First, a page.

Though we might spend Thanksgiving day cooking, eating, and generally being grateful for the blessings in our lives, for some, it's a day to fuel up for what's coming next: Black Friday. Every year, thousands flock to retail stores to get their hands on a fantastic deal. The lines between need and want blur away as the shopping lists are checked off, check-out lines grow longer and longer, people get angrier, and retail staff try to stay out of the fray.
Technically speaking, Black Friday hasn't ever been referred to as a good day. As this Marketplace article points out, "In the 1950s, some factory managers referred to the day after Thanksgiving as 'black Friday' because so many workers called in sick. The day, noted one industrial magazine, was 'a disease second only to the bubonic plague' in its effects on employees." It goes on to say that in the 1960s, Philadelphia police referred to Black Friday as such because of the large shopping crowds. And eventually, retailers turned a positive spin on the black in Black Friday, noting that the Friday after Thanksgiving began to move their profits from the red into black.
This year, with sales starting as early as a week ahead of Black Friday, perhaps the day will lose its impact, though that is highly doubtful. Apparently there are six fewer days this year between Thanksgiving and Christmas, so we've got to start early to satisfy our appetite for shopping and crowds and all else that the shopping season offers.
Though it's true that shopping and consumer spending keeps our economy growing and moving, it simultaneously draws a wider wedge amongst us, in more ways than one. First, it targets our competitive nature, allowing us to trample over each other to get to the shelf with the Elmo dolls, PlayStations, or the newest toasters before someone else does. All of a sudden, it's like a football game inside a store, but with no rules, or at least no rules that simmering crowds are inclined to follow. Black Friday stampedes are not new and, unfortunately, have resulted in violence and at least one death.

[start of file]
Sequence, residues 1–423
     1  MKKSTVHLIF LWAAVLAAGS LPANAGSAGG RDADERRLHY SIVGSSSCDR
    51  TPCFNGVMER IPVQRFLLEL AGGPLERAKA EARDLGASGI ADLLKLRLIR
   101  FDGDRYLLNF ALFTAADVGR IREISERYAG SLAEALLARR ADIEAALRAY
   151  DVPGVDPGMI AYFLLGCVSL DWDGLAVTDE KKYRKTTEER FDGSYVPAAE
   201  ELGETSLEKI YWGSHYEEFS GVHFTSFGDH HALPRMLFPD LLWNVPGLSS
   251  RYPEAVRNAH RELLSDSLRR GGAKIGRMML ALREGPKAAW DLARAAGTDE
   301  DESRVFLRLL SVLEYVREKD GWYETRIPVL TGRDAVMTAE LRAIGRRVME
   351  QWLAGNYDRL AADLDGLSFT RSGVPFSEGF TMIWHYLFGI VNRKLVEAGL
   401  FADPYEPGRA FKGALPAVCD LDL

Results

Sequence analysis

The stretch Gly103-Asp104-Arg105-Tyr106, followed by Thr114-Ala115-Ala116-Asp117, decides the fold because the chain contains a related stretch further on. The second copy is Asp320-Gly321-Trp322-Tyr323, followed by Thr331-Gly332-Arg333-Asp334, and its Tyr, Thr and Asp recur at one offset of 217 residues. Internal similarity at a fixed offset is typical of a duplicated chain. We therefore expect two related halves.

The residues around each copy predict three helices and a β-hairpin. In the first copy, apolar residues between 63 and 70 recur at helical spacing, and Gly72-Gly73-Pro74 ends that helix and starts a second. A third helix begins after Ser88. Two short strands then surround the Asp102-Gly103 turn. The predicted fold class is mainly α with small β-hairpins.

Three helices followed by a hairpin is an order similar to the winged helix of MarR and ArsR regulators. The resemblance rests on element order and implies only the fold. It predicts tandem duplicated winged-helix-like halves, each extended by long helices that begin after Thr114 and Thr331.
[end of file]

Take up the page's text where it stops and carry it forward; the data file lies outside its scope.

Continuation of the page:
Second, it targets our perspective and reinforces a sense of material wealth. We want things and that somehow turns into we need things, and getting these things (and on sale, no less!) will bring us great happiness. Until of course next year, when we want more things and different things. It's perfectly reasonable to complain about how disappointing it is for the same items to be on sale from one Black Friday to the next.
There is some psychology behind our attachment to material objects and how factors such as loneliness and social isolation play into our material attachments. But those attachments allow us to forget about the fact that 16 percent of our country, or 49.7 million people, were living in poverty in 2012, or that 344,000 new people filed for unemployment insurance between November 2nd and November 9th, a one week period. Or that there is actually a Walmart in Canton, Ohio, holding a food drive for its own employees, preferring to do that than to pay them enough to buy sustenance.
None of this is meant to make anyone feel guilty about their shopping extravaganzas but merely to serve as a reminder that in all our hullabaloo of shopping and holiday fervor, we should try to keep our humanity intact. Understand that while we are trying to get our deals in, so is everyone else, and the hard-working store clerks who don't get Black Friday off, or Thanksgiving for that matter, are simply trying to make a living.
As one redditor demonstrated by asking others to share Black Friday stories, the day can truly bring out the worst in some people. The following were some people describing their best and worst Black Friday stories:
A lady called 911 because we wouldn't price match with best buy. The police came and arrested her for misusing the emergency service.
Today, one of our male customers hit another male customer upside the head with a crock pot. What were they fighting over? The crock pot. Both customers had to be dragged out of the store by the police.
I watched 2 grown men have a fist fight over hot wheel cars. Cops were called for that one.
But of course, even in times of chaos, not everyone is narrowly focused on snagging the latest whatever:
Was working at a clothing store and we were slammed all day, a customer overheard my manager say I couldn't take lunch and to, "Work through it."
She came back with sandwiches for me and my coworkers, plus drinks.
Here's to a happy, humane, and safe Black Friday. And just remember, if you miss a deal on Friday, there's always Cyber Monday. Because we really just don't have enough days or reasons for sales to buy all the things we want.